Psychological Self-Help

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With 20,000+ different self-help books sitting on book shelves
somewhere, the biggest problem is finding the book you need! These
are the conditions: (1) publishers favor one-topic books, (2) self-help
writers often recommend only one or two types of self-help methods,
and (3) self-help authors range from untrained in psychology to world-
class experts, thus, the quality of information in books ranges from
worthless (or even harmful) to the best available. Thus, what you get
in a book may be very limited--a small slice of applied psychology.
Certainly, the quack and the mystic won't reveal their ignorance on the
front of their books. So, obviously, a person seeking up-to-date
knowledge about a problem has a problem. Genuine expertise about
self-help books is not available, certainly not from publishers or
bookstores. No one has read all this stuff. I have read a lot of it and
attempted to provide you with summaries. This book cites and
recommends the best books I could find, but quickly finding the
knowledge you need at any one time is a monumental task that needs
solving in this age of information and technology. Most public and
university libraries have relatively few self-help books, but through a
state-wide, inter-library loan system you can get many books (if you
know the author or the title). 
So, in case you assumed that some intelligent body (psychologists,
publishers, a government agency) was coordinating and insuring the
cogent development of personally helpful psychology, disabuse
yourself of that good idea right now. While publishers grind out their
2,000 new self-help books every year, they do not print general, broad
scope, introductory self-help textbooks for teaching students to
prevent or cope with common personal problems. Why not? As we will
see, because schools and colleges don't offer personally useful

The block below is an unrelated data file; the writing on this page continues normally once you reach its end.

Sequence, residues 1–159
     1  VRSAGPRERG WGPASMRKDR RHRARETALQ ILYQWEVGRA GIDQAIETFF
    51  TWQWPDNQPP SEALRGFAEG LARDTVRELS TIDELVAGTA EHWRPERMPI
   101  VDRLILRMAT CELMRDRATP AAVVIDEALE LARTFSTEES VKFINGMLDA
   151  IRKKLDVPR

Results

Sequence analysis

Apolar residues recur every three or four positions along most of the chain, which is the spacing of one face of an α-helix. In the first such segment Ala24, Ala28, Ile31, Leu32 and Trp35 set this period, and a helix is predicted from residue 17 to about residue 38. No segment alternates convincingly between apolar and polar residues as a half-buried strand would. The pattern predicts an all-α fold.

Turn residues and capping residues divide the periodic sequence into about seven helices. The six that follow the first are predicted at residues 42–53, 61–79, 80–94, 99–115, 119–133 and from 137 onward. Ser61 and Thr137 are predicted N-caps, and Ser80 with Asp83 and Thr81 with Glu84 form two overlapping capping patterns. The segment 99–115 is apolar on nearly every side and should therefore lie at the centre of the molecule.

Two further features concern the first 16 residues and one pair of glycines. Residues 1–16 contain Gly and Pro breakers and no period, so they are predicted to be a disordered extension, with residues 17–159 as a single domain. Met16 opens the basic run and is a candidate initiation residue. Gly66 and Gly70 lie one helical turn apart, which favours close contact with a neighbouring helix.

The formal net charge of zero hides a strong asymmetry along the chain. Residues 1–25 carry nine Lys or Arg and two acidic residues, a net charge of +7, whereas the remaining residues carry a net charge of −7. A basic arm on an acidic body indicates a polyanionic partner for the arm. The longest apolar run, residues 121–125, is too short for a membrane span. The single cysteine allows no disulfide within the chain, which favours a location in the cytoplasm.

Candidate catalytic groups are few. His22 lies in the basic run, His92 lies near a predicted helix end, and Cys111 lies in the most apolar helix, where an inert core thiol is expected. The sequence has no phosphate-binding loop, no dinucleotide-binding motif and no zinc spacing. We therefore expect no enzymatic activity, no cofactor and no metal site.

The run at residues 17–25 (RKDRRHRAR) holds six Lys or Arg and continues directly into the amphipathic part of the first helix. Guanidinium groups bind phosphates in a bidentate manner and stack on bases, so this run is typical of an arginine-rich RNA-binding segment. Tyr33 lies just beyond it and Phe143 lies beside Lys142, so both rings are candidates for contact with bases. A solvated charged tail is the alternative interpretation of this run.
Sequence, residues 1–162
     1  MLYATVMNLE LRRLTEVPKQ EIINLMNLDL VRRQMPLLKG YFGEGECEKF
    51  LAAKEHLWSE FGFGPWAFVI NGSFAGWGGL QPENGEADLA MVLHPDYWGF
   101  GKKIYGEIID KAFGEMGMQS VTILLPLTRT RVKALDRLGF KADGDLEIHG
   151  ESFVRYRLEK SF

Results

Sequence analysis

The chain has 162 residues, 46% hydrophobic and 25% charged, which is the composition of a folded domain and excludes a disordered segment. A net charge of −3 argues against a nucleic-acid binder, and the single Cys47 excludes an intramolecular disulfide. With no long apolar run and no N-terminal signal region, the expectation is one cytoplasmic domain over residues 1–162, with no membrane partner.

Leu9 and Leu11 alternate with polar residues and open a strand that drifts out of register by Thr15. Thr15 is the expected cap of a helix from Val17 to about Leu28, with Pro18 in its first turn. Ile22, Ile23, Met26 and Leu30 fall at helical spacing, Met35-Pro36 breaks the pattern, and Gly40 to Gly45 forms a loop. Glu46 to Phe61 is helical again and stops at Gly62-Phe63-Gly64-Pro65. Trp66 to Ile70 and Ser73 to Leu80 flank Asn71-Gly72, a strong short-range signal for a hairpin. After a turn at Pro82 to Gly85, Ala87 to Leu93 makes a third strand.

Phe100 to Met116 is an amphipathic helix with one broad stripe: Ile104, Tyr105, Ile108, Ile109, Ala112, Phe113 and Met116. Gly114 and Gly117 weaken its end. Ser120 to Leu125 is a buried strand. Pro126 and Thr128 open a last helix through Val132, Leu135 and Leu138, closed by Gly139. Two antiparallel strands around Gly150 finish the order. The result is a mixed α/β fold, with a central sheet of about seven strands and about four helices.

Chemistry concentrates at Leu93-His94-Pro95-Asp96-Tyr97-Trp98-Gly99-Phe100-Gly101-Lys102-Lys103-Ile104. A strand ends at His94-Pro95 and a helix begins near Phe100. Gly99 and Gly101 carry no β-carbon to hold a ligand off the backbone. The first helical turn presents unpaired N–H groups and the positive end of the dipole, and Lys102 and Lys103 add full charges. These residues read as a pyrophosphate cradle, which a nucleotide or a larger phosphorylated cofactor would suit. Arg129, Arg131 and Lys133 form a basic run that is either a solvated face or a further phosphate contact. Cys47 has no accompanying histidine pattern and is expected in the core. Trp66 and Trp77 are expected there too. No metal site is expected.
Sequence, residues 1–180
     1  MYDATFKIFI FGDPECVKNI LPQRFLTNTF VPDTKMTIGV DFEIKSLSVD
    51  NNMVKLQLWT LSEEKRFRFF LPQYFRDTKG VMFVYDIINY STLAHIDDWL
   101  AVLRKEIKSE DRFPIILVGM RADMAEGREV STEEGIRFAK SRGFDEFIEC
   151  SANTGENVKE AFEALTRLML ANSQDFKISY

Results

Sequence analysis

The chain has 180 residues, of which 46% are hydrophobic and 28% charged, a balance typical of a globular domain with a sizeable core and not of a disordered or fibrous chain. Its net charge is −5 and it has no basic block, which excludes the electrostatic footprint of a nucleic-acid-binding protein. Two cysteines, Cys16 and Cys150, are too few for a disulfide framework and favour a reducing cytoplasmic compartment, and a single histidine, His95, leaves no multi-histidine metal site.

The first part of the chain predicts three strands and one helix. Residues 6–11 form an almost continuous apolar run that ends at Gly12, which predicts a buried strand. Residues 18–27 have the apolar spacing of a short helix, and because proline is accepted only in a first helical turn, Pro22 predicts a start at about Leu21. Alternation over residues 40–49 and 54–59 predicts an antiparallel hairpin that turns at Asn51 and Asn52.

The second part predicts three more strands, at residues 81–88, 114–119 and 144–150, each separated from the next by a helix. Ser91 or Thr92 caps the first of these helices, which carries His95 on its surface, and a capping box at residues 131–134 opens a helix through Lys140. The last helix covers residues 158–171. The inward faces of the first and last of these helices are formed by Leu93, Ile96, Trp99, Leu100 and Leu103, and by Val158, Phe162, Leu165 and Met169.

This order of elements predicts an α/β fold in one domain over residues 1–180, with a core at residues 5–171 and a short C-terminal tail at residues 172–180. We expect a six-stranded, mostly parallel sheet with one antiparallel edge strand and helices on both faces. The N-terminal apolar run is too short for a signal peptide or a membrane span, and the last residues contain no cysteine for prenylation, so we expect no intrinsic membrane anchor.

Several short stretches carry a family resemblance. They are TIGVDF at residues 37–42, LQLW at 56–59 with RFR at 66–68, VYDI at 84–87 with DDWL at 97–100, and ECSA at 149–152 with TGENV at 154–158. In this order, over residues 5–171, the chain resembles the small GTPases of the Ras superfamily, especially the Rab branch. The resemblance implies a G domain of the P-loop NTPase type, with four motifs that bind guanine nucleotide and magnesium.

psychology classes (partly because there isn't an acceptable textbook).
However, don't forget: amid the junk, there are lots of good specific-
focus books available, if you can find them. 
My conclusions again are: coping effectively with life in general--
and all lives are complex--requires us to know how to handle many
ordinary problems as well as knowing how to improve what we already
do well. That requires a basic knowledge of useful psychology which
can be applied by everyone in almost any situation. Currently, the
typical specialized self-help books fail to provide us with generalized
self-control, and there is no bibliographic system to help you find the
specific information you need for solving today's problem. 
There are about 9,000 bookstores in this country, although many
of the small ones are being driven out of business by the giant
discount chains. Bookstores are just a part of the publishing business--
they provide storage bins and advertisement for selected new books.
They stock only a fraction of all books in print. The chain bookstores
don't even order their own books; they just shelf whatever corporate
headquarters ships them. The clerks don't know the contents or
quality of the books in stock, and certainly not unstocked books. So
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